India Secretly Dumped Bhopal Toxic Waste
5:10pm UK, Sunday July 11, 2010
The Indian government has apologised for secretly dumping toxic waste from the Bhopal gas leak.
Demonstrators call for justice over the Bhopal disaster
It has also promised future transparency in the way it tackles its clean-up of the world's worst industrial disaster.
Thousands of people were killed in December 1984 when a lethal gas cloud leaked from the Union Carbide pesticides factory in Bhopal city.
Now, officials have admitted that two years ago 40 tons of deadly waste were secretly taken from the site at night to an incinerator 140 miles away in Pithampur.
In an attempt to help end the continuing controversy over the disaster, environment minister Jairam Ramesh said the clean-up had to be done openly and properly.
"I admit as minister that it was wrong to have brought those 40 tons of waste to Pithampur," he said. "Whatever we do needs to be done with adequate transparency.
"I am ready to admit publicly that transporting that waste from the Union Carbide factory secretly during the night hours was wrong."
According to the government, some 3,500 people were killed when poisonous gas engulfed neighbouring slums - but human rights groups claim 25,000 people died in the years that followed.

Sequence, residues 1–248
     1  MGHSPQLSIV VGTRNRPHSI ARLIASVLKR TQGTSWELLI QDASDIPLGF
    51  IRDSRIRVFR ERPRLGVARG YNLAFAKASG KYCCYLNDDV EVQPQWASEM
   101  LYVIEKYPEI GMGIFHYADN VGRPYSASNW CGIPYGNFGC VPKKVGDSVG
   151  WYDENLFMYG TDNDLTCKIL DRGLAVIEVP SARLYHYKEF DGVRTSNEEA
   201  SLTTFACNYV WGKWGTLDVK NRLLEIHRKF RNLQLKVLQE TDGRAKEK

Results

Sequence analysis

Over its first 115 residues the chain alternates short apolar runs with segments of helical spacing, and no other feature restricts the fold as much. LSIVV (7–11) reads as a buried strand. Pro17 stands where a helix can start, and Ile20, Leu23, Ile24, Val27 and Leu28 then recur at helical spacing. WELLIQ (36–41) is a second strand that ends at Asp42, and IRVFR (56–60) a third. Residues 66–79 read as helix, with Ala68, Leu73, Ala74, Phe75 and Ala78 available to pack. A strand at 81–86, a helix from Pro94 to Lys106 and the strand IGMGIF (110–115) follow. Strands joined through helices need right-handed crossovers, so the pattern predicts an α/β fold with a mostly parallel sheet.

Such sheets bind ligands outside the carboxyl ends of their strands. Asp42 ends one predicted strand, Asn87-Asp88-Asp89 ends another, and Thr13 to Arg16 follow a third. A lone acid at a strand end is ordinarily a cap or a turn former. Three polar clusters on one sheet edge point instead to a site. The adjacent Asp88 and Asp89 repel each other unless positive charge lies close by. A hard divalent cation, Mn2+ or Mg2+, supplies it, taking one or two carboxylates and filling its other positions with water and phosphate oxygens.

Protesters march to mark the 25th anniversary of the leak
A year after the tragedy, local authorities collected 350 tons of toxic waste and left it in the factory yard.
Most of it remains there untreated.
The government has vowed to finally clean up the site and to improve compensation payments to those affected.
It comes after outrage last month over the punishment handed out to eight former Union Carbide employees.
The group - including Keshub Mahindra, the former chairman of the Indian arm of the American firm - were told they would serve a maximum of two years in jail.
The absent American former boss of Union Carbide, Warren Anderson, escaped judgement after the court declared him an absconder.
Victim support groups were outraged by the leniency of the court, saying the maximum two-year sentence was similar to the punishment handed out for a traffic accident.
A study last year by Bhopal Medical Appeal said the slums surrounding the factory were still laced with lethal chemicals that are leaching into the groundwater and soil, causing birth defects and a range of chronic illnesses.
Dow Chemicals, which now owns Union Carbide, denies any responsibility saying it bought the company a decade after Union Carbide had settled its liabilities to the Indian government by paying $470m (£324m) to the victims.
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